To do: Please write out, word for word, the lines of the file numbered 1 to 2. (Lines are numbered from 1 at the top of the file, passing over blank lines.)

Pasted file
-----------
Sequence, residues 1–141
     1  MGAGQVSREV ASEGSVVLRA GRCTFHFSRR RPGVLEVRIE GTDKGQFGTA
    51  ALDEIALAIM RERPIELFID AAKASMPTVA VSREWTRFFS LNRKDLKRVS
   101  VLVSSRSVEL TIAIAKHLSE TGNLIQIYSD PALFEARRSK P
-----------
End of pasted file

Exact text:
Sequence, residues 1–141
     1  MGAGQVSREV ASEGSVVLRA GRCTFHFSRR RPGVLEVRIE GTDKGQFGTA